Category Archives: Brain

Sleep in preindustrial societies

There are complaints that sleep in industrial communities (with electric light, noise all over) is severely compromised. These complaints have already been raised about 150 years ago, at the beginning of the industrialization. Sleep before is supposed to be calmer and longer.

This seems not to be true. Measuring the sleep durations and sleep onset and wakening in three societies that have no electric light, that remain in a pre-industrial state even in the 21st century, Yetish and colleagues report in Current Biology that sleep duration are the same as in industrial settings. Measurements were done in the last corner of Bolivia, in the Tsimane community, in Central Africa with the Ju/’hoansi San people, and in northern Tanzania with the Hadza.

There is an News and Views article on the same issue in Nature. Both articles are highly recommended.

Puberty – new evidence for its regulation

It has been a long standing mystery how the start of puberty is initiated. Fact is that menarche, the begin of active reproduction capacity is preceded by and a consequence of the adrenarche, the begin of androgen production in the adrenal gland. Puberty is characterized by the beginning of sporadic gonadotropin releasing hormone (GnRH) pulses which in time become regular and finally acquire their one-in-two hour rhythm at the end of puberty.

A report in the Journal of Molecular Endocrinology by Abreu and colleagues from Boston and Sao Paulo has uncovered  that the Makorin ring finger 3 (MKRN3) gene is mutated in cases of central precocious puberty (CPP) . CPP is diagnosed when the children enter into puberty much to early for their age. They analyzed the protein in more detail then and found the decline of MKRN3 expression in the arcuate nucleus (area of the hypothalamus to control GnRH secretion) is necessary for the increase of GnRH secretion. Without GnRH puberty can not take place. By which stimulus the decline of MKRN3 is initiated has not been described. It is discussed whether MKRN3 acts directly on GnRH secretion or on kisspeptin, neuromedin B or dynorphin, known mediators of GnRH secretion. It can not act on GnRH expression since the GnRH neurons only reach with their axons into the arcuate nucleus where their release is controlled by other neurons and mediators.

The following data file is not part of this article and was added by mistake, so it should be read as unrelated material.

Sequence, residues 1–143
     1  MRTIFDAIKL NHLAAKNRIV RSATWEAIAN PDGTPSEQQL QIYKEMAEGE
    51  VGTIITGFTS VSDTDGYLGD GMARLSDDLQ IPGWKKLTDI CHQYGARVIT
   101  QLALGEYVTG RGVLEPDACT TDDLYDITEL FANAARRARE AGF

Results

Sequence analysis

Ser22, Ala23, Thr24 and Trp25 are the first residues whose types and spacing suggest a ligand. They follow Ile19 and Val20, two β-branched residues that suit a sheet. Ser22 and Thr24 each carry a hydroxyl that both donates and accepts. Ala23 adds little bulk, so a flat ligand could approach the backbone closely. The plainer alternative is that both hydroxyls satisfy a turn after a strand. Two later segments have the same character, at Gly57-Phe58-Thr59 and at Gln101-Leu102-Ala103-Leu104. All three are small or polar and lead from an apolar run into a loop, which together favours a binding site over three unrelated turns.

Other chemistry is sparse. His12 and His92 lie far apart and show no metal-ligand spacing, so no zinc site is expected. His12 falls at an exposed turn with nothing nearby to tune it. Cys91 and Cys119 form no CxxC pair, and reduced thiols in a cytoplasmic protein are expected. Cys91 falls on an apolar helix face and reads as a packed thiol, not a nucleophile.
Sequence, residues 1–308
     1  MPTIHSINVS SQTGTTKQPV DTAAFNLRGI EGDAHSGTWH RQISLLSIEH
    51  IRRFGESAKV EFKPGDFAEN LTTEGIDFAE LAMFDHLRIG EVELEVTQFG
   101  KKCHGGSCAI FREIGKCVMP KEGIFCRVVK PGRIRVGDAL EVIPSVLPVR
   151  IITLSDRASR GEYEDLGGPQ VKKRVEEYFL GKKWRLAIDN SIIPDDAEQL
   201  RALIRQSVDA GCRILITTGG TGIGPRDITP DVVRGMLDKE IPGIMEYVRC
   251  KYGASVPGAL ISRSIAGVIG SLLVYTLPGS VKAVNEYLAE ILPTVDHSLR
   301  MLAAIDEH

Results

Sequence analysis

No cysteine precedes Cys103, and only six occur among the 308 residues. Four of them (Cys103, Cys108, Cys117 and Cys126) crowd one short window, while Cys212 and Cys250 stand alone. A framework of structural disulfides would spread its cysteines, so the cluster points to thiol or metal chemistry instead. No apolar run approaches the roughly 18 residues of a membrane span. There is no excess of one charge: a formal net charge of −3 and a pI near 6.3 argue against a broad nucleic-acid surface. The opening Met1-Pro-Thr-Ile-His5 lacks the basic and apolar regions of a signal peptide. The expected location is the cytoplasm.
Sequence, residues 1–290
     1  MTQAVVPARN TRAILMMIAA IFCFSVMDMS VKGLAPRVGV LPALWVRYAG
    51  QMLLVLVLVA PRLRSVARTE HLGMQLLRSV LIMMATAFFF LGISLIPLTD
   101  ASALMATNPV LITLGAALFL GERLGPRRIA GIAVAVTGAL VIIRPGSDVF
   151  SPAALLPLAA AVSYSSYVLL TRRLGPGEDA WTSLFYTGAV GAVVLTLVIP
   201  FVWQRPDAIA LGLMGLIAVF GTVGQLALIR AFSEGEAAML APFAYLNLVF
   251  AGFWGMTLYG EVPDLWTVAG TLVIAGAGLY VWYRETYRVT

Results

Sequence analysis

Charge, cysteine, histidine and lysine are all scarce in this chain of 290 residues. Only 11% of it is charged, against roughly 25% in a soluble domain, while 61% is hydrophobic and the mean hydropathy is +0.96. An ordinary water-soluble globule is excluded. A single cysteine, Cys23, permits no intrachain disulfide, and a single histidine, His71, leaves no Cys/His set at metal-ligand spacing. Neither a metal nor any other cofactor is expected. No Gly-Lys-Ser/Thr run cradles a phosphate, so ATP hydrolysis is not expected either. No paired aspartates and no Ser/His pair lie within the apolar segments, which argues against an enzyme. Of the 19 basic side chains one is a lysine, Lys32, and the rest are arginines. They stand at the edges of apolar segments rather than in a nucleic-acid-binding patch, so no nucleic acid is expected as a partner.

This is a nice paper, adding valuable information to people concerned with the mechanisms of puberty. Recommended!

Prediction of the prey’s path by dragonflies

Hunting a moving target involves reaction to the prey’s movement, so you would think. It involves, however, in vertebrates also a model how the prey may move, to be able to predict the possible flight routes. This model was thought to be lacking in invertebrates.

In a paper in Nature Mischiati and colleagues describe that dragonflies have this internal model, too. They show that vision is to react to the prey’s escape but underlying the dragonfly’s steering is brain model how the prey might fly. You have to keep in mind that dragonflies hunt in 3D and not in 2D as tetrapods do. We are proud that comet lander does find and land on the target some 100000 miles away, and use immense computer power for this task. Dragonflies have it all in their tiny heads.

The paper uses fly models in the lab as prey. It will be some time before it will be possible to test the facts on free flying dragonfly. But it is a nice piece of information already.


Gray matters in grass research

Whether long-term marijuana smoking has robust effects for the human brain has been a matter of debate. In a paper in PNAS Silbey and colleagus from Dallas, Frisco, and Albuquerque have addressed this question using “multimodal measures in a large group of chronic marijuana” smokers. They claim that marijuna smokers the longer the more have decreasing gray matter in orbitofrotal cortex (OFC).

This part of the brain (citation from wikipedia:)